This is part forty-seven of a series of posts that will examine the Republican delegate allocation rules by state. The main goal of this exercise is to assess the rules for 2016 -- especially relative to 2012 -- in order to gauge the potential impact the changes to the rules along the winner-take-all/proportionality spectrum may have on the race for the Republican nomination. For this cycle the RNC recalibrated its rules, cutting the proportionality window in half (March 1-14), but tightening its definition of proportionality as well. While those alterations will trigger subtle changes in reaction at the state level, other rules changes -- particularly the new binding requirement placed on state parties -- will be more noticeable.
Election type: primary
Date: May 17
Number of delegates: 28 [10 at-large, 15 congressional district, 3 automatic]
Allocation method: proportional
Threshold to qualify for delegates: 3.57%
2012: proportional primary
Changes since 2012
Much of the delegate selection plan the Oregon Republican Party used in 2012 and has historically used in the post-reform era has carried over to 2016. That is largely a function of the significant overlap between the state party rules and state law in the Beaver state with respect to delegate allocation, selection and binding. States where that bond -- between rule and law -- is strong are states that are more resistant to change than states where the state party rules and state law are more fully divorced from each other.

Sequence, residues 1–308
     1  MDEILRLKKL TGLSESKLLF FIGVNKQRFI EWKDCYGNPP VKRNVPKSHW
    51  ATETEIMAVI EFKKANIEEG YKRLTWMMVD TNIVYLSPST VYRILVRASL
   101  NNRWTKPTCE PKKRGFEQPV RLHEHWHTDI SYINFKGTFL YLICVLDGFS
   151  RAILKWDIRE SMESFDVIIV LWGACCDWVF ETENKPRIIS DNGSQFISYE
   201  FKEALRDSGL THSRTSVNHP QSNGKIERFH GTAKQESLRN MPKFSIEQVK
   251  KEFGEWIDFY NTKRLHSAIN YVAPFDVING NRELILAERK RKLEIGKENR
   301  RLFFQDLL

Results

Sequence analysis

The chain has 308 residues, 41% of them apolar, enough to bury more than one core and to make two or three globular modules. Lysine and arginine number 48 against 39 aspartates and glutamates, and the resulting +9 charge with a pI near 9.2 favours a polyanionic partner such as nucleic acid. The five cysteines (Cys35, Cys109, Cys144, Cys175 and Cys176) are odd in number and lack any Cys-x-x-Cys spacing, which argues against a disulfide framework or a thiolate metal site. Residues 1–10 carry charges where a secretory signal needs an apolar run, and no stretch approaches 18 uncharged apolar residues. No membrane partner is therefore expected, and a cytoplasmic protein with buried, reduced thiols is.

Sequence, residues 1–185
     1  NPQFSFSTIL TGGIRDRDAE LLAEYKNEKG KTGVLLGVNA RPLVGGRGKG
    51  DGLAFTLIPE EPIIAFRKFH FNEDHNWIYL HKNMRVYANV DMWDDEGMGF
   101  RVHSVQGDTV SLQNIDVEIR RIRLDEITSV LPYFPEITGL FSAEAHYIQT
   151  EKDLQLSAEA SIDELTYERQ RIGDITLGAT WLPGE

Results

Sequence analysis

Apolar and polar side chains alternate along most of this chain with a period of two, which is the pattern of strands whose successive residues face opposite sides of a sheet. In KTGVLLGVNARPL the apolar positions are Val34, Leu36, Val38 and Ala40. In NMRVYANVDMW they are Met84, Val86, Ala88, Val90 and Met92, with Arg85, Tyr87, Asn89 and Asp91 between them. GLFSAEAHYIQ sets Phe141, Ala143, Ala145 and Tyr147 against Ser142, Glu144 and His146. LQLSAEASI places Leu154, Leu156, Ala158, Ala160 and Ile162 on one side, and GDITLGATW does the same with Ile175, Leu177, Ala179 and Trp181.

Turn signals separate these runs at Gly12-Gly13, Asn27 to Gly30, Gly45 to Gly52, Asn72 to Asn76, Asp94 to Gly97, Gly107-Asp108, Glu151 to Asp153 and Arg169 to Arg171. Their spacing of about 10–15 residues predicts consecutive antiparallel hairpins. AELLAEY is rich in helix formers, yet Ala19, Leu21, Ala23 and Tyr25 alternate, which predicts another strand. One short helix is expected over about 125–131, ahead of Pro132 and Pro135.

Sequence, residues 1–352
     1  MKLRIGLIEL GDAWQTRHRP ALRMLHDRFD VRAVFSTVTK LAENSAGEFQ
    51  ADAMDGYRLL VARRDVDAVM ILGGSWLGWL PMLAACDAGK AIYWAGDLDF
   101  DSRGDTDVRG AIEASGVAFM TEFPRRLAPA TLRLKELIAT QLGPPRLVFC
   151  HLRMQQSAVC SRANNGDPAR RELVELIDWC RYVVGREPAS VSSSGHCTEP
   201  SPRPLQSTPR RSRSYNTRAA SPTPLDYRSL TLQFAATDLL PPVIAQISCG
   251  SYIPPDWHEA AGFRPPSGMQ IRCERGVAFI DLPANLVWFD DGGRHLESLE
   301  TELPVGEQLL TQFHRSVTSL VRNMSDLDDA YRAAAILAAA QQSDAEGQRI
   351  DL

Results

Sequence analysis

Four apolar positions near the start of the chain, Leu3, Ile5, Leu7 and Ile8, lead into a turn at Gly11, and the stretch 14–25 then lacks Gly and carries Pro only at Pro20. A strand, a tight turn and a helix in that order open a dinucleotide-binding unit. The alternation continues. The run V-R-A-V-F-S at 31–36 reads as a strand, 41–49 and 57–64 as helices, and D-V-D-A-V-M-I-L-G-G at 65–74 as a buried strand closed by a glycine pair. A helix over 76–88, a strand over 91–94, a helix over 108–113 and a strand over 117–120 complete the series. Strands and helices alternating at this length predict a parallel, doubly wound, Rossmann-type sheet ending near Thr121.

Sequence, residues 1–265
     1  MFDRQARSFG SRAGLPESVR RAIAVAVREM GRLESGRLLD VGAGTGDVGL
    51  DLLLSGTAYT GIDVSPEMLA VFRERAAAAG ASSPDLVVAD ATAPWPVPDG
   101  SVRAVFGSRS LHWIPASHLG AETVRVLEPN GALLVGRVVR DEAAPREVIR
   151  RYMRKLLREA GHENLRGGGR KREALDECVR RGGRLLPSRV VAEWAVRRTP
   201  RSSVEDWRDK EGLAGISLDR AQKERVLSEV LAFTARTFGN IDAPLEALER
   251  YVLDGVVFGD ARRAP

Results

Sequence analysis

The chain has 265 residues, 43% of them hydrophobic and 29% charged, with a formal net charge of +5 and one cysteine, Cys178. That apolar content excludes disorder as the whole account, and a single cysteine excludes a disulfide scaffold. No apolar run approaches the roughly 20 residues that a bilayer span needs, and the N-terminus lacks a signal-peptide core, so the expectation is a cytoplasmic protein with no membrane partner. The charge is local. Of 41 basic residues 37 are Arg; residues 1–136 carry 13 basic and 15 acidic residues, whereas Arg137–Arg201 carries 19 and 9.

That is not to say that such a state cannot make changes to their state party rules that conflict with state law.1 Rather, their holding pat signals how entrenched/institutionalized the practice has become over time.
In Oregon, that is the case again in 2016. The allocation will again be proportional based on the statewide results as called for in state party bylaws and state law. The binding requirements will again hold delegates through the second ballot (with some conditional exceptions described below).
The one change made to the bylaws and/or special rules the ORGOP adopts every four years (as called for in those bylaws) is actually a recent one. Just this spring, the party made a change to its rules on allocation and binding. Triggered by the January memo from the Republican National Committee general counsel's office, Oregon, like many other states, had to tweak its rules regarding the allocation of the three automatic delegates in the Beaver state. Unlike past cycles and due to a change in the RNC binding requirements, those three party delegates have to be allocated and bound in some manner based on any statewide preference vote.